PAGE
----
Rearing problem (& my frist fall off Maia!) - Page 3 - The Horse Forum
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post #21 of 29 Old 05-06-2008, 10:48 AM
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I have always heard and used the pulling the head around to your knee. They don't like to go up with their head off balanced. It has worked for me in the past. I would do some more ground work too.
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post #22 of 29 Old 05-06-2008, 12:40 PM Thread Starter
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Quote:
Originally Posted by boonesar
I have always heard and used the pulling the head around to your knee. They don't like to go up with their head off balanced. It has worked for me in the past. I would do some more ground work too.
Haha I would have if I could have - unfortunately bareback wasn't possible... please see my update as well :)


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post #23 of 29 Old 05-06-2008, 02:35 PM
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Boonser,

That does work. I've done it, knocks them off balance and they actually drop down really quick, but you have to be careful because they get smart and when you lean forward to yank the reign, they'll swing opposite direction and you FLYYYYYYYY.... been there ... done that... teehee.... but you are right, it does work.
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post #24 of 29 Old 05-06-2008, 04:17 PM
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Haha I used to do that when my horse would buck. :) It works wonders!

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post #25 of 29 Old 05-25-2008, 04:22 AM
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rearing

When you rode her again did you use the curb bit? Some horses (especially if they've never worn one) cannot handle the pressure of the curb on the roof of their mouth. The curb strap may have helped you as it prevents the curb from putting too much pressure on their mouth. I would suggest either trying again with the curb strap, or doing a bunch of ground work with the curb until she gets used to it.

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post #26 of 29 Old 05-25-2008, 11:45 AM Thread Starter
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Re: rearing

Quote:
Originally Posted by dustytrailzz
When you rode her again did you use the curb bit? Some horses (especially if they've never worn one) cannot handle the pressure of the curb on the roof of their mouth. The curb strap may have helped you as it prevents the curb from putting too much pressure on their mouth. I would suggest either trying again with the curb strap, or doing a bunch of ground work with the curb until she gets used to it.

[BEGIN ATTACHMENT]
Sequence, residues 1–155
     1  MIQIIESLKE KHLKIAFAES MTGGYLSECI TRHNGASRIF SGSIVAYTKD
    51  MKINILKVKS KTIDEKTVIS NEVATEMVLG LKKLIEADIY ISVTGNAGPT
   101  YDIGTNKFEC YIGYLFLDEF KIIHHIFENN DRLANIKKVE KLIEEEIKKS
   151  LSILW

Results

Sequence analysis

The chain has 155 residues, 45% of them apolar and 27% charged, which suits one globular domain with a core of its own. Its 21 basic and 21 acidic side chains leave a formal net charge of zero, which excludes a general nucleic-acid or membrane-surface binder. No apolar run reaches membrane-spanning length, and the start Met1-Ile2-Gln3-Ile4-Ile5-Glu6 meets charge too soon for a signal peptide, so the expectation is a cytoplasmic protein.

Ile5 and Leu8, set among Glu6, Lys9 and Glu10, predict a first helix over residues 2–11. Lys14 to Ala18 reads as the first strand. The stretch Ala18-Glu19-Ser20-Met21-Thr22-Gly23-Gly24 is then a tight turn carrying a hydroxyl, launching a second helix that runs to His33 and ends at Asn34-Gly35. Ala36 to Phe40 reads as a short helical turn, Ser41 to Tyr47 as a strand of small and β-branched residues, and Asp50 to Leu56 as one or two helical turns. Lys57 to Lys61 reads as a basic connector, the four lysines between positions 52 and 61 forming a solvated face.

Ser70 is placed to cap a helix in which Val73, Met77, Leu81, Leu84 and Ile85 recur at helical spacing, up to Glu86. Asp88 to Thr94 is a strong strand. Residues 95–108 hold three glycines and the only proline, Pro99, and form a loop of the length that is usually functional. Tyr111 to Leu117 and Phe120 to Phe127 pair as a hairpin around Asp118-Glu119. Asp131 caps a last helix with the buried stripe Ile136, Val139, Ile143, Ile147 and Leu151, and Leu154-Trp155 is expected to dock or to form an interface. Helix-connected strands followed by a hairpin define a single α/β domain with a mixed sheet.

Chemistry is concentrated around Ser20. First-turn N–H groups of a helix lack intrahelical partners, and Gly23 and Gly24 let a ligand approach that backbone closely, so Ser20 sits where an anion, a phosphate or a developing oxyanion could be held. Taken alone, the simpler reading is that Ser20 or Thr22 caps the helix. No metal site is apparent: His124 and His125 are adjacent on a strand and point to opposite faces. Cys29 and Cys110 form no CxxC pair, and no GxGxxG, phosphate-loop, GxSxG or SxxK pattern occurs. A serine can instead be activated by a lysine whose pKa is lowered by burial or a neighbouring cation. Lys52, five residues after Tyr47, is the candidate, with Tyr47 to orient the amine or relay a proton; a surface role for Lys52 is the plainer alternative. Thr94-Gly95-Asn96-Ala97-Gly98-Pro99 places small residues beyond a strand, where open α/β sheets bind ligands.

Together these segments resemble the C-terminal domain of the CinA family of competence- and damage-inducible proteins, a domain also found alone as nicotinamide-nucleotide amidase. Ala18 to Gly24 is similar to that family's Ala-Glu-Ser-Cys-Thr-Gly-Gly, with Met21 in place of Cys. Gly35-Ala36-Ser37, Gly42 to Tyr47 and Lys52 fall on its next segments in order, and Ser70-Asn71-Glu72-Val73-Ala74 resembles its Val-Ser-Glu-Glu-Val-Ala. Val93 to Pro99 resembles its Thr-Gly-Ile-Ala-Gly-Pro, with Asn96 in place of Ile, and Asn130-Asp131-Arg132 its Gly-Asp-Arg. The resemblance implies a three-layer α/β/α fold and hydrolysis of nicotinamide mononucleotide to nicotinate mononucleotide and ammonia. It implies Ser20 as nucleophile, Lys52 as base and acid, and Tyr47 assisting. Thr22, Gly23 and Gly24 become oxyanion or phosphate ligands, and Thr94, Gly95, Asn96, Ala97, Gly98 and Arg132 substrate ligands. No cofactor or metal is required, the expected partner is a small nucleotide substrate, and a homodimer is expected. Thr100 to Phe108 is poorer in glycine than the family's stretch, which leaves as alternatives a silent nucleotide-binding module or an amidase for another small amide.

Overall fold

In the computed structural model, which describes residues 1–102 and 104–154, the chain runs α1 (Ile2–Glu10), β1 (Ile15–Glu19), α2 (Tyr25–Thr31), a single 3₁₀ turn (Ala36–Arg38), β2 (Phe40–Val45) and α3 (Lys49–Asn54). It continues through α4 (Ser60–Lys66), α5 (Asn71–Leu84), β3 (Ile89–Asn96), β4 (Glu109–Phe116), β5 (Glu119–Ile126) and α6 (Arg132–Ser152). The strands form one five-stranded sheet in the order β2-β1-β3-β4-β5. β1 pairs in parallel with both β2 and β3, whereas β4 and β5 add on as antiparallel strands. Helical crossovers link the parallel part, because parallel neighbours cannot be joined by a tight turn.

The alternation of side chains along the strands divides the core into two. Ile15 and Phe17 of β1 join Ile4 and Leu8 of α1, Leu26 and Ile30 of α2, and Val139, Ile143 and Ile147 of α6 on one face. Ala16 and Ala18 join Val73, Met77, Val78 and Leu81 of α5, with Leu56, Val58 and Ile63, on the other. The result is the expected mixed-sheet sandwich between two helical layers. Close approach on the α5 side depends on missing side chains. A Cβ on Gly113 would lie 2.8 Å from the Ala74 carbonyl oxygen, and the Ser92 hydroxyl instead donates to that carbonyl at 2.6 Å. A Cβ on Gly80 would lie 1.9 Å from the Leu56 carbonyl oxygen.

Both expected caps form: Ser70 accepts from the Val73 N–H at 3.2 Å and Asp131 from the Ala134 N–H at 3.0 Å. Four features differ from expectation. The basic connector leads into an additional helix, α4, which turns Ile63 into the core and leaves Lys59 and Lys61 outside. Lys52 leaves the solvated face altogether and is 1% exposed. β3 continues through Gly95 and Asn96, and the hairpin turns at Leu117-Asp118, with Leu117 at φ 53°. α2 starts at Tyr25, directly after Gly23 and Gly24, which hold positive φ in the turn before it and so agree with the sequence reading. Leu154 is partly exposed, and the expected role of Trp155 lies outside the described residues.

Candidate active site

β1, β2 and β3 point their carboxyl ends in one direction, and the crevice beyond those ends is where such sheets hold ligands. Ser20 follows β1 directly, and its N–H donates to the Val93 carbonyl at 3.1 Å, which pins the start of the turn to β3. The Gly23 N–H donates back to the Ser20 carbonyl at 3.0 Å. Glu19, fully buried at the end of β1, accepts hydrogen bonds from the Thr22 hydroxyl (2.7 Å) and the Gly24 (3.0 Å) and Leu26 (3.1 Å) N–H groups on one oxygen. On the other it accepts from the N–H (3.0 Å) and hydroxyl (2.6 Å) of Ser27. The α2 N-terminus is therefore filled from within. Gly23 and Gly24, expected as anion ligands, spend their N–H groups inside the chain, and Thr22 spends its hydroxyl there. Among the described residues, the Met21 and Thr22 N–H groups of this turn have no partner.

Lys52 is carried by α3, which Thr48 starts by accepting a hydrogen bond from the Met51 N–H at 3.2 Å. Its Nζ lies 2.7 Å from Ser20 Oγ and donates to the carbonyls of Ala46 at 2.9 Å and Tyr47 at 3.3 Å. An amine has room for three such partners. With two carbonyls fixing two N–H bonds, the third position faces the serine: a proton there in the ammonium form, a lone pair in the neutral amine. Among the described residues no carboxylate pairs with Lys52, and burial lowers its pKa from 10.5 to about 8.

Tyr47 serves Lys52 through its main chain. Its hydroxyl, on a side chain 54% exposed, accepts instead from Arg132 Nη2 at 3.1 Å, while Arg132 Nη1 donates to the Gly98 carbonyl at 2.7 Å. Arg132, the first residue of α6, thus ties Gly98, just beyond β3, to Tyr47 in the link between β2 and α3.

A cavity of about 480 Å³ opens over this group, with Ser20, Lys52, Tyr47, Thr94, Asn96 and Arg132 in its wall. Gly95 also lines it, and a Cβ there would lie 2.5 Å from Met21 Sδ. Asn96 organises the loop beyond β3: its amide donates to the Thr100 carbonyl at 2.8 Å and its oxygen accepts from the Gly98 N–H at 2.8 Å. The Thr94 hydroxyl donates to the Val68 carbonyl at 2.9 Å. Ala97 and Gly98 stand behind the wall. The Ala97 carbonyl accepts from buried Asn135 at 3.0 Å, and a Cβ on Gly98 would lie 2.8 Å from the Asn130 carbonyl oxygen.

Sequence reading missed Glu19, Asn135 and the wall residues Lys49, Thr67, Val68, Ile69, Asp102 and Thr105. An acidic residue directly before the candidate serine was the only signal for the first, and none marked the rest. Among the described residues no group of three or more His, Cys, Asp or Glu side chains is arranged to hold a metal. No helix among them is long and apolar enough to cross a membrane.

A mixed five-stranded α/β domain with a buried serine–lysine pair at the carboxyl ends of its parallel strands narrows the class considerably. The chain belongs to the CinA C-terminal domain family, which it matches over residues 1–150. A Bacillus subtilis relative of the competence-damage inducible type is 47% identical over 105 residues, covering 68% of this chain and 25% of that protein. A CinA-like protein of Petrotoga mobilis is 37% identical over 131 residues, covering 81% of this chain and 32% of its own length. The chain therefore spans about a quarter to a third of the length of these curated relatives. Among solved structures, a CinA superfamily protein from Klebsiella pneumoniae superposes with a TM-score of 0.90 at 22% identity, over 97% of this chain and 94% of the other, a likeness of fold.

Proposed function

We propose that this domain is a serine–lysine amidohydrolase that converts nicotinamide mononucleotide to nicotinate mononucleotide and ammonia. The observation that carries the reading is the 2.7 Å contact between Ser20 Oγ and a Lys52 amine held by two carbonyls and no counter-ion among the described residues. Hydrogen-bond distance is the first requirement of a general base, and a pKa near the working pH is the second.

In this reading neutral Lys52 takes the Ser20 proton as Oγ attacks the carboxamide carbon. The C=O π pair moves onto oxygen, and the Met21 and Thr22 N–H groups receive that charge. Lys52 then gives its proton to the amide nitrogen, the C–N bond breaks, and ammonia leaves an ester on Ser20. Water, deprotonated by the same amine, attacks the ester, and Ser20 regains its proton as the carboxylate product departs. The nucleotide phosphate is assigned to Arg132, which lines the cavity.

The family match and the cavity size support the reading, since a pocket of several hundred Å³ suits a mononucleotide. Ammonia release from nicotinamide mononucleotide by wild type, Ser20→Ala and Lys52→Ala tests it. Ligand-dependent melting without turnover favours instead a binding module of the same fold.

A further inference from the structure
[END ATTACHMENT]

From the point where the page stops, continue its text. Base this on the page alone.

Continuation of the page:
I had ridden her in it prior to that day and have used it since. I have really soft hands and made sure there was no pressure on the bit.
Since the rearing fiasco I've been working on the canter in the saddle and have not had any problems at all. I suppose I should try bareback again and see what she does ;)


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post #27 of 29 Old 05-25-2008, 03:28 PM
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If you do pull the horse in a circle when it rears, make sure to not pull too hard, and don't pull down and to the side. Horses follow their heads; they have to. If you pull the horse's head down, it could follow its head down a flip or fall. Pull it out and once it comes down from the rear, pull it around. This works for bolters and buckers too.

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post #28 of 29 Old 05-26-2008, 12:41 AM Thread Starter
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Quote:
Originally Posted by amightytarzan5
If you do pull the horse in a circle when it rears, make sure to not pull too hard, and don't pull down and to the side. Horses follow their heads; they have to. If you pull the horse's head down, it could follow its head down a flip or fall. Pull it out and once it comes down from the rear, pull it around. This works for bolters and buckers too.
I know this all too well, and have given much the same advice to many people, but thank you.
My problem is not with the rearing per se - I can ride it out, I've done it enough, it's more that I'm confused by the style of her rearing - when I asked her to canter (bareback) she'd take a few steps and then slam her forelegs into the ground and pop up; most horses get light in the front end then rear, they don't slam down then pop up.
Honestly, it's almost like she was trained to do a "hi-ho Silver, away!" type rear rather than her rearing out of pain or fear.
Strange... but that's my story.


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post #29 of 29 Old 05-26-2008, 03:37 AM
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I had a similar case just yesterday with my yougster. She's green so I forgave her, but she'd decided that she couldn't canter. I'd get 3-4 strides and she'd start to jack up, then jerk to a stop and I could feel her front end wanting to lift, she never reared, but if she'd been that way inclined (she's more of a bucker than rearer) I know she would have. For her it was frustration/nerves, her little buddy was playing looney pony in the paddock and getting Faith all upset to the point where she couldn't concentrate, there was just too much going on.

I'd say your girl was just uncertain about the whole bareback thing and seem as how she's been fine under saddle, perhaps she has a very sensitive back.
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